US indicts six Russian officers for NotPetya, Ukrainian blackouts, other attacks


The United States have indicted six Russian from the GRU intelligence agency for their alleged roles in a series of attacks causing billions of dollars in damage to the private sector. The officers were part of a group known as Sandworm or Telebots, and known for NotPetya, an attack on the Olympic Games and downing the Ukranian power grid.

On Monday, the Department of Justice announced a Pittsburgh grand jury indicted Yuriy Sergeyevich Andrienko, Sergey Vladimirovich Detistov, Pavel Valeryevich Frolov, Anatoliy Sergeyevich Kovalev, Artem Valeryevich Ochichenko, and Petr Nikolayevich Pliskin on Oct. 15.

"Today’s allegations, in their entirety, provide a useful lens for evaluating Russia’s offer two weeks ago of a cyber 'reset' between Russia and the United States," said Assistant Attorney General for National Security John Demers at a press conference. He added later: "This indictment lays bare Russia’s use of its cyber capabilities to destabilize and interfere with the domestic political and economic systems of other countries, thus providing a cold reminder of why its proposal is nothing more than dishonest rhetoric and cynical and cheap propaganda."

Andrienko, Detistov, Pliskin and Frolov are charged with activities in connection to NotPetya, an attempt to sabotage Ukraine disguised as ransomware, launched in 2017. NotPetya propagated well beyond Ukraine. It ultimately caused billions of dollars in damage in the private sector, most notably to the shipping firm Maersk, Merck and the law firm DLA Piper.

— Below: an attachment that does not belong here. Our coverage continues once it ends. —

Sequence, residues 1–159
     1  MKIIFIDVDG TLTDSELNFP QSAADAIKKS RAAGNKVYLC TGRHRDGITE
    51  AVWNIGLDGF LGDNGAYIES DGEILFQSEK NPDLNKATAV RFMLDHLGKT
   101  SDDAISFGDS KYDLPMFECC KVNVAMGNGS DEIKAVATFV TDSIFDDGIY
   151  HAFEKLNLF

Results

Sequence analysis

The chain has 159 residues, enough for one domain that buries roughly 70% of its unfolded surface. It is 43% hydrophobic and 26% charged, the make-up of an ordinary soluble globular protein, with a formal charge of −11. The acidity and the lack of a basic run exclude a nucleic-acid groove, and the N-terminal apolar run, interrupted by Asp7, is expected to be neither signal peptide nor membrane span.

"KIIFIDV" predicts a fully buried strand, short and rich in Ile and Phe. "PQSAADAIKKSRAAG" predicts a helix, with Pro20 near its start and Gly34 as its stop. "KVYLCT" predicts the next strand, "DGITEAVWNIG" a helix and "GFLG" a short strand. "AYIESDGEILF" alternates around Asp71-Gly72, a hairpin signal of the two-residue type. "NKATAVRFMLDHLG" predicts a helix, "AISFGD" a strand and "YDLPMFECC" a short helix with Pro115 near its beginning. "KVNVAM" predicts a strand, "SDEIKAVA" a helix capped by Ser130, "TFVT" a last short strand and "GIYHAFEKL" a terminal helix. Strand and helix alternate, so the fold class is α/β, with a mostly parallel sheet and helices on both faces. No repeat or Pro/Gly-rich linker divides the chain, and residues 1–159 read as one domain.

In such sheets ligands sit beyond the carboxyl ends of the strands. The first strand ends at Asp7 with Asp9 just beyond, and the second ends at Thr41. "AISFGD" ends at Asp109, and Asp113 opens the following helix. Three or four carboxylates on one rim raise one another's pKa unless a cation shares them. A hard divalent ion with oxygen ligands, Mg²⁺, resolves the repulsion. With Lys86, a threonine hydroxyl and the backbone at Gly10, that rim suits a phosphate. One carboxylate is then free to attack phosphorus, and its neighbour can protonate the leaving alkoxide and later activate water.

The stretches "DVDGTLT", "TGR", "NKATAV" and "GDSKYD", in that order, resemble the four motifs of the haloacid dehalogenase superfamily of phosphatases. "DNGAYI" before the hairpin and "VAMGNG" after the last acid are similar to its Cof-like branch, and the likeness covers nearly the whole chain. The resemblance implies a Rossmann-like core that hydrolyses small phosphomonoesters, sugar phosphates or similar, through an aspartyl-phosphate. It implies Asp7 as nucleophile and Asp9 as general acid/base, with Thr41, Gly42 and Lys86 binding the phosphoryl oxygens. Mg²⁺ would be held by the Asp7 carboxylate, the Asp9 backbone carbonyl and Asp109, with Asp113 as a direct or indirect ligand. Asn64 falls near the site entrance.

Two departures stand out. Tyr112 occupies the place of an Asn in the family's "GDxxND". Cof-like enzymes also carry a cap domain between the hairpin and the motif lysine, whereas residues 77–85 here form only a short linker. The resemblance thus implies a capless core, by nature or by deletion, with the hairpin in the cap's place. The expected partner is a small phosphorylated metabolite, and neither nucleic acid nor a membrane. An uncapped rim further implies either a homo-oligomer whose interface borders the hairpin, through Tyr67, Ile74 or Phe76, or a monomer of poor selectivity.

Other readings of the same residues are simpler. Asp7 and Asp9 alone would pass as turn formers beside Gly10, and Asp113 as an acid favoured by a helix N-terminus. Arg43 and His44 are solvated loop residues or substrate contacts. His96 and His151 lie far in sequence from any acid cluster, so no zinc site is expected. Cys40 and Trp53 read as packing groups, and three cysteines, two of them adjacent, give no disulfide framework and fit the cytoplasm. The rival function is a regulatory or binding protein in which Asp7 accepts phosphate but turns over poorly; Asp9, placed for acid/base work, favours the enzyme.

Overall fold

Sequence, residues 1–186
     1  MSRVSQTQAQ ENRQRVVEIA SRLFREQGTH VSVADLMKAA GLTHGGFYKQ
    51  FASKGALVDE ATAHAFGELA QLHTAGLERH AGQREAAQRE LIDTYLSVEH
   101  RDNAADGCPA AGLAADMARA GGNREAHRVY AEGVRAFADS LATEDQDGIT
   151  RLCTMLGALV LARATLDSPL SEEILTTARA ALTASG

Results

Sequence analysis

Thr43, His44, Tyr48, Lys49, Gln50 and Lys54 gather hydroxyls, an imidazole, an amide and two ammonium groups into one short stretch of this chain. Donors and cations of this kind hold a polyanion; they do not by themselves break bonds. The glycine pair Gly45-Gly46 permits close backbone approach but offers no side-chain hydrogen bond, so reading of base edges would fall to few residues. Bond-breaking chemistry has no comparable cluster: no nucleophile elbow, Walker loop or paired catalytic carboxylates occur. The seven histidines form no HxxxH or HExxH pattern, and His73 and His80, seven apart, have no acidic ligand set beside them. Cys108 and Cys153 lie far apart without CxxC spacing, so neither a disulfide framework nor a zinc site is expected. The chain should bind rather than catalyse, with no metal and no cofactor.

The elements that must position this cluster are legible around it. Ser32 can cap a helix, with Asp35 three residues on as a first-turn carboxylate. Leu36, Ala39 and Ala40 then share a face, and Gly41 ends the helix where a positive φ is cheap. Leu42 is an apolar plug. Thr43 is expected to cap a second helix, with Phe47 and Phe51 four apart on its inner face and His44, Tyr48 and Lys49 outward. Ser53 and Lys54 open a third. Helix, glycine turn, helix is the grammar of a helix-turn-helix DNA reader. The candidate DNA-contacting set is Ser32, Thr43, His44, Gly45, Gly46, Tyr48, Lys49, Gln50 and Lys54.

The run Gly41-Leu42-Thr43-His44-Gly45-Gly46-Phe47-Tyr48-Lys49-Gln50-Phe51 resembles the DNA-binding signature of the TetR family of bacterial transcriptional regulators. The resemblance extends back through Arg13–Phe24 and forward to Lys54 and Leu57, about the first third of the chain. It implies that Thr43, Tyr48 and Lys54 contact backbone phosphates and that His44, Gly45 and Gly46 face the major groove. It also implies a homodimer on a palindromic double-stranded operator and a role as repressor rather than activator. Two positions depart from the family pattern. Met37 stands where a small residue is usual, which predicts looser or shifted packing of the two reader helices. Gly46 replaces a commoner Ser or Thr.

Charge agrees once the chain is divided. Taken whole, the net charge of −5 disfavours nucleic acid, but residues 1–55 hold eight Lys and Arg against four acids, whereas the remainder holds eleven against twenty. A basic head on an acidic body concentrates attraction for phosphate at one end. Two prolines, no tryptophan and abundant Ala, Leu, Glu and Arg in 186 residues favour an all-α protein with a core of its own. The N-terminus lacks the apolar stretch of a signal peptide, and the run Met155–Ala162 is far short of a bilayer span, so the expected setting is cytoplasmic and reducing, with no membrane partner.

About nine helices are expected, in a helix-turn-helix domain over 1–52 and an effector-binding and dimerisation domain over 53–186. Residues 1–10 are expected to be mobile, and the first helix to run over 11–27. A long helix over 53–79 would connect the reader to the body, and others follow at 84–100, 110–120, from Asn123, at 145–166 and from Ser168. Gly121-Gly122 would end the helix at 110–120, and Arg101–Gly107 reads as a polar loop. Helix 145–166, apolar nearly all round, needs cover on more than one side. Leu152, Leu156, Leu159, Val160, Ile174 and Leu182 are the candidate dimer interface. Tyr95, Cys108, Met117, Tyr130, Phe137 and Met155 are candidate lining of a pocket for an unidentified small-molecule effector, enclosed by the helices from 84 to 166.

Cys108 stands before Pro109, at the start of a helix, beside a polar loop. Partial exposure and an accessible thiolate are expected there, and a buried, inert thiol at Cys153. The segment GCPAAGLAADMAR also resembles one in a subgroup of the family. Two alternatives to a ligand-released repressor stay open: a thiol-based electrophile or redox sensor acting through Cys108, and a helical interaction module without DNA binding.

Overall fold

Five of six defendants (all but Detistov) were charged in connection to attacking the Olympics in 2018 after the International Olympic Commission barred Russian Athletes from competing, citing corruption in drug testing. Those attacks including hacking the South Korean host, the IOC and athletes and "Olympic Destroyer" malware that disrupted WiFi at the stadiums.

Frolov and Kovalev were charged for attacks on the Ukranian power grid, Ministry of Finance, and State Treasury Service, resulting in blackouts.

Ochichenko and Kovalev are accused of attacks on the country of Georgia, and Kovalev is accoused of a hack and leak campaign targeting French President Macron's En March! political party.

Joe Uchill

Joe is a senior reporter at SC Weekly, focused on policy issues. He previously covered cybersecurity for Axios, The Hill and the Christian Science Monitor’s short-lived Passcode website.

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